RBA Governor Philip Lowe, 2022 (Image: AAP/Bianca De Marchi)
RBA Governor Philip Lowe, 2022 (Image: AAP/Bianca De Marchi)

As we await another punitive rate hike from the Reserve Bank, thoughts turn toward the much-mooted review of the RBA being prepared by the government.

Until recently, the case for a review was dubious at best. Unusually, the bipartisan nature of calls for a review was evidence that something suspect was going on: all sides were bringing their baggage and political grievances to the table.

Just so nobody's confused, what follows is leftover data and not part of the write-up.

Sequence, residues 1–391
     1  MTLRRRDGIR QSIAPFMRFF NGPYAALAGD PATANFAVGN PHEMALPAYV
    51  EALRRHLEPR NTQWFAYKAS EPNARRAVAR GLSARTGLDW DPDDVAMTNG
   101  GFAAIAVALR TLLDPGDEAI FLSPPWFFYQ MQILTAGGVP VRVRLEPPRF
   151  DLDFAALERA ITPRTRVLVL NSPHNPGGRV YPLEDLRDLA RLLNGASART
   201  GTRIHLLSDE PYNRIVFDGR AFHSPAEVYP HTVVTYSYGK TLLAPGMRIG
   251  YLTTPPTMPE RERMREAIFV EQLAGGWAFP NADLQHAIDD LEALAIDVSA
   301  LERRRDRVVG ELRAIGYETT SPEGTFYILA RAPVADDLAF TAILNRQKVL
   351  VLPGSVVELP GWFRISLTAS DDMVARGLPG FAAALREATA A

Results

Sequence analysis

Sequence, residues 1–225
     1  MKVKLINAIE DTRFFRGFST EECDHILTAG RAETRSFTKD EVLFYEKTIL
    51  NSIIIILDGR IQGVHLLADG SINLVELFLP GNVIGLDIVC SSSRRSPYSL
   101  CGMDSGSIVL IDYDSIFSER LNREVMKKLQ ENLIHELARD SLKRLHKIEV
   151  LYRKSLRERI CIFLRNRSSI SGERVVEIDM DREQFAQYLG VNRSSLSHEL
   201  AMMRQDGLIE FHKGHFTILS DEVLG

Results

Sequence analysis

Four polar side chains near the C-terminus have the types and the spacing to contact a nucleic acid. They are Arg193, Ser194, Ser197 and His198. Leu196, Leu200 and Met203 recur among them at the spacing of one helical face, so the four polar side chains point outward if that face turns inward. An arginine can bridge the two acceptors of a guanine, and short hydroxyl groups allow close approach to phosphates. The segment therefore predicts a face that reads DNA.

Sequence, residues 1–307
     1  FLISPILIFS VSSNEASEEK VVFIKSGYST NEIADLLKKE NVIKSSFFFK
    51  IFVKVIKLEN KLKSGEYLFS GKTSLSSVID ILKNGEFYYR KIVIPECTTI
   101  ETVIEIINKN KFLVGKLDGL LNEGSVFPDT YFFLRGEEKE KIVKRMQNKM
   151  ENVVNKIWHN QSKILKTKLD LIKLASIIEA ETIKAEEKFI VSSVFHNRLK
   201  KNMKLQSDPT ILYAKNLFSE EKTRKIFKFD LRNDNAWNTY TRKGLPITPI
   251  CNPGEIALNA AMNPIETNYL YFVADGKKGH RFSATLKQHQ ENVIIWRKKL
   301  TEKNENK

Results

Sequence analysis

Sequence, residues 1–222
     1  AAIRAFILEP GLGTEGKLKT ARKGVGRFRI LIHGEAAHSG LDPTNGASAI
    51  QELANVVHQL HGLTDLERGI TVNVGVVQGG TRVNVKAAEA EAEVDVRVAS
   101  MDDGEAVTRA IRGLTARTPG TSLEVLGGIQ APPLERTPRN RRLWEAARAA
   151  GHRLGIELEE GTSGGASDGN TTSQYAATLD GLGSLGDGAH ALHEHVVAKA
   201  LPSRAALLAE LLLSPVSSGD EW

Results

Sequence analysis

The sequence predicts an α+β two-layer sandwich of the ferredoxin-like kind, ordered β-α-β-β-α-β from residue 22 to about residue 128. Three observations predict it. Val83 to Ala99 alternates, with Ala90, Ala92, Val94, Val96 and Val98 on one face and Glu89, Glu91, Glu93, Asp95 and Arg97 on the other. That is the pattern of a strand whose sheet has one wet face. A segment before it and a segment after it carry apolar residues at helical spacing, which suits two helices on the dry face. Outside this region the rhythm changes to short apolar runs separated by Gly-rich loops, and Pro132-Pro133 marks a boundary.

The review -- which began life as an idea from Labor and the Organisation for Economic Co-operation and Development (OECD) and later was adopted by then treasurer Josh Frydenberg -- would have allowed Labor to go after the bank for holding interest rates too high before the pandemic, allowed right-wing economists to go after it for holding rates too low and to try to get rid of full employment from the Bank's mandate, and allowed a Coalition government to go after governor Philip Lowe for his now-abandoned advocacy for more stimulus and higher wages.